8. BE: “I might be impressed if I knew how you can refer with such authority to the size of Sarkozy’s manhood”

    “Manhood”? What?! All I’m saying is, that he is blessed with a warm and generous nature. And what he lacks in height, he more than makes up with his “big” heart. And that’s what matters most to Carla.

    • “Manhood”? What?! All I’m saying is, that he is blessed with a warm and generous nature. And what he lacks in height, he more than makes up with his “big” heart. And that’s what matters most to Carla.

      Well, that’s good then.

  9. I’m sure I read somewhere that the average height of a English male when they came to NZ was 5’4″, (and the average height of a Maori male was 6’2″).

    These ‘short’ Englishmen ‘conquered the world’, so attitude must be everything? Mind you, the women back then were generally well under 5’in height.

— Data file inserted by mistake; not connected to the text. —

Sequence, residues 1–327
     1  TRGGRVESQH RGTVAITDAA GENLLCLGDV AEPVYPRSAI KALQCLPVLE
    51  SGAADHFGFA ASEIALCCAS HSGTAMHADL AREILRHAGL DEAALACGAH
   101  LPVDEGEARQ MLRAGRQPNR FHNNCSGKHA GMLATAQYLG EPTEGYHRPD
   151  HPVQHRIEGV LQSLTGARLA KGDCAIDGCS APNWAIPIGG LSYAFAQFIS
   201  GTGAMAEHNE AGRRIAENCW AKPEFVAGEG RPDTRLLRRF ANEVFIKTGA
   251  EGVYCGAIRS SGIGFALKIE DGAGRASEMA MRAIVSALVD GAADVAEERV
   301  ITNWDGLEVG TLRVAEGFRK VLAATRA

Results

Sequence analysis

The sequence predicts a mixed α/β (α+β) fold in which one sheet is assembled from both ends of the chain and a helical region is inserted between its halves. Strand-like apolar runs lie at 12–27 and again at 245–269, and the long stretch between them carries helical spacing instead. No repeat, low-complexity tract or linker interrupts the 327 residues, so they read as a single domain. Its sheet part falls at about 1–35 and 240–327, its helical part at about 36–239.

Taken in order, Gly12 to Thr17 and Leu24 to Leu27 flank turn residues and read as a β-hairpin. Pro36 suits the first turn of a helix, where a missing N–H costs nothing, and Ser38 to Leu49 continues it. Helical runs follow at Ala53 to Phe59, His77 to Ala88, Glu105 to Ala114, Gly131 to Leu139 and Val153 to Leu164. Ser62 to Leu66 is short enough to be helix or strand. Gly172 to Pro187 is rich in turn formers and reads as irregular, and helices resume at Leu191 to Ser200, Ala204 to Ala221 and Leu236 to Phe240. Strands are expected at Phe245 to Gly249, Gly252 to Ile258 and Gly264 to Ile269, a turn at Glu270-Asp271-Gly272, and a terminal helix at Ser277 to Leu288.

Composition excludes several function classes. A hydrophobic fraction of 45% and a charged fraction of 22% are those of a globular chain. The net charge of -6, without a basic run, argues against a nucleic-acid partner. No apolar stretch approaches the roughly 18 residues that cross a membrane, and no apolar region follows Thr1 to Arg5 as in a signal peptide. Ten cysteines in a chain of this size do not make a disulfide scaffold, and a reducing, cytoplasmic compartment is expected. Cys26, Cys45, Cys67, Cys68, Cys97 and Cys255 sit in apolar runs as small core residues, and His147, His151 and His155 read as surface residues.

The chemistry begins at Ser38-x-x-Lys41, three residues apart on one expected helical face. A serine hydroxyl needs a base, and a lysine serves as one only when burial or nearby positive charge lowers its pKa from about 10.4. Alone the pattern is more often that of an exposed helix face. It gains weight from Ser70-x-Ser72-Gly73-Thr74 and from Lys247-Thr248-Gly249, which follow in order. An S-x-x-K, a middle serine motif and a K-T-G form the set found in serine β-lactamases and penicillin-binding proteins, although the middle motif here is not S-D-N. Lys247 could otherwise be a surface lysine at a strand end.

Personally, I believe that a person your own size is best … all the important bits are at an equal height … and you can share clothes … and it’s easier to share/carry loads.

    Short men don’t continually bang their heads, they have better circulation, generally have stronger backs and are more supple, they don’t complain about ‘leg room’ all the time or how low the sink is, and they gobble up less of the world’s protein.

    There is simply nothing worse than a big man bearing an assumed superiority and a bad attitude. To hell with media driven fashion preferences, a good guy is a good guy – no matter what he looks like.
    Come on folks, let’s hear three cheers for good natured short bald smokers! ;-)

  10. Little Toot: Come on folks, let’s hear three cheers for good natured short bald smokers! ;-

    Yeah, why not? Why go for a Brad Pitt, when there’s a Danny DeVito waiting in the wings.